Betsy Allen identifies various plants and flowers at the wildlife sanctuary on the Eleanor side of the Winfield Lock and Dam. (Photo by Ron Allen)
I do not download many apps for my phone, for I prefer to keep as much memory available as possible for photos and videos. However, I wanted to get an app which would allow me to identify wildflowers and other plants. After searching the Apple App Store for such a program, I found one called PictureThis – Plant Identifier. While the company that produced the app wants you to pay a $29.99 yearly fee, you can still use PictureThis for free, although some of the app’s resources will not be available.
PictureThis uses your smartphone’s camera feature to take photos of plants, which it then scans and shows a result in a matter of seconds. An internet connection is required to use the instant scan feature, but users can also take photos of plants and then ask the app to scan them in areas where there is limited or no connection.
Most of the results I have gotten from PictureThis seem to be spot on. Most entries feature a list of names for that species, although not every regional name will be listed. The program will even tell you if the plant is sickly – although this feature can also be triggered if you are attempting to identify a plant in low light conditions. While the app can identify the species of a plant, it cannot tell you the specific variety. For instance, you could use PictureThis to scan a zinnia, and it would correctly identify the flower, but it wouldn’t be able to tell you the name of that particular variety.
I have gotten some incorrect results while scanning tree bark patterns – the program confused a pine tree for a maple. The app also had an extremely difficult time correctly identifying a Japanese Lantern plant. The fruits of this particular plant have a bright orange husk which resemble paper lanterns. Some of the possibilities were Coral Lily (the app confused the husk for a flower), Virginia Groundcherry, and a Carolina Horsenettle (scan was of leaves alone). A search for Japanese Lantern on Wikipedia suggests that the plant might be Alkekengi Officinarum, which is also known as Chinese Lantern, Japanese Lantern, Bladder Cherry, Strawberry Groundcherry, or Winter Cherry. Japanese Lanterns are in the Solanaceae (Nightshade) family, and several of the possible matches were also in this family, so possibly this is where the confusion lies. So far, this plant continues to mystify PictureThis.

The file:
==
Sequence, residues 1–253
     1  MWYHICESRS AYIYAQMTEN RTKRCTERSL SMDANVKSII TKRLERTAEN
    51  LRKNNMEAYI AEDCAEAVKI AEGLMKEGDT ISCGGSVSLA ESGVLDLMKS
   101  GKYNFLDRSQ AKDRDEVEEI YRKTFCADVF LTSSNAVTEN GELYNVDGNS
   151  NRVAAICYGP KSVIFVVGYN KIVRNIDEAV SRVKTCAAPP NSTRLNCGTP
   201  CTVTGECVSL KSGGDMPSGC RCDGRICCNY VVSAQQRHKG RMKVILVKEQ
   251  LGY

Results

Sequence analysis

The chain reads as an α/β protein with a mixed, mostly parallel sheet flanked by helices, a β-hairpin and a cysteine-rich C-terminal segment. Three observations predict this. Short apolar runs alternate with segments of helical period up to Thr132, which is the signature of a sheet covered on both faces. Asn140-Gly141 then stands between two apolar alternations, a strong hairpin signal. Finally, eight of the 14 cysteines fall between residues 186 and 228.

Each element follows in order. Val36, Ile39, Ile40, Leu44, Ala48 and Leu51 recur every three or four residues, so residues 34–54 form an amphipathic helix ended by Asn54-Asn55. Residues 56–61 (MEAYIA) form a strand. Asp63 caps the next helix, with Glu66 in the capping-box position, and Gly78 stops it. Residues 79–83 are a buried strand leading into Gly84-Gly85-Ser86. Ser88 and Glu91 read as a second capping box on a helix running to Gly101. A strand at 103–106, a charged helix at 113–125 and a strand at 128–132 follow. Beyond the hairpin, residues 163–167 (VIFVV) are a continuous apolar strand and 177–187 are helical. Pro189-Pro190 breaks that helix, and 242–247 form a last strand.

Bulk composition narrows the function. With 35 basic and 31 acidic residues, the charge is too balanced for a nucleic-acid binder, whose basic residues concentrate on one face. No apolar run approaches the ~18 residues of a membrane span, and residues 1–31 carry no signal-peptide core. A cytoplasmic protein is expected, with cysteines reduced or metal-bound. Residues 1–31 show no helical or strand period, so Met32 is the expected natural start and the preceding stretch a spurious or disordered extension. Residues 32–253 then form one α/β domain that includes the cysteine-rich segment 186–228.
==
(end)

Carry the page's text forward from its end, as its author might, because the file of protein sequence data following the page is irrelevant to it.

Out of morbid curiosity, I have used the app to scan photos in which no plants were present, just to see what it would say. The program’s AI will usually tell you that it could find no identifiable plants, but a scan of a cat’s white paws did suggest that the image in the photo might be a white fungus that grows in forests. I will admit that this particular fungus does resemble the shape of a cat’s paw, so I can understand how the AI misunderstood the image.
Speaking of fungus, PictureThis does warn the user whenever it is used to identify mushrooms or fungi. It is not safe to use this app to identify edible species, and PictureThis advises users not to touch or eat any mushroom. Foraging for mushrooms and fungi can be very dangerous, as many species have a similar appearance, and it is easy for an amateur to confuse a poisonous mushroom for an edible one. This is a case when it is best to have an expert’s advice. PictureThis also warns users not to eat wild berries unless it can be confirmed without a doubt that the plant or bush in question is non-toxic.
I have used PictureThis to identify many of the wildflowers which grow in fields and along roadsides in late summer and early autumn. Right now, there is still a lot of Giant Ironweed, Yellow Ironweed, Late Boneset, Bearded Beggarticks, Goldenrod, and Orange Jewelweed growing, although these plants are starting to die back for the season. I have also discovered a lot of vary fragrant wildflowers, such as Bearded Beggarticks. These strangely named plants look like Yellow Ironweed from a distance and yellow Cosmos close up, and have a beautiful scent that smells just like honey. A friend of mine who has anosmia (loss of smell) claimed that he thought they smelled like graham crackers.
PictureThis also keeps a record of all of the plants that you have identified. This feature can be found under the Snap History section of the app. I do not know if this list will continue to grow as pictures are taken, or if the older photos will eventually be deleted to make room for new ones.
This app is a great one to have for identifying interesting looking plants and flowers that you might encounter on your travels. Just keep in mind that the program has its limitations, although for the most part it seems to be fairly accurate.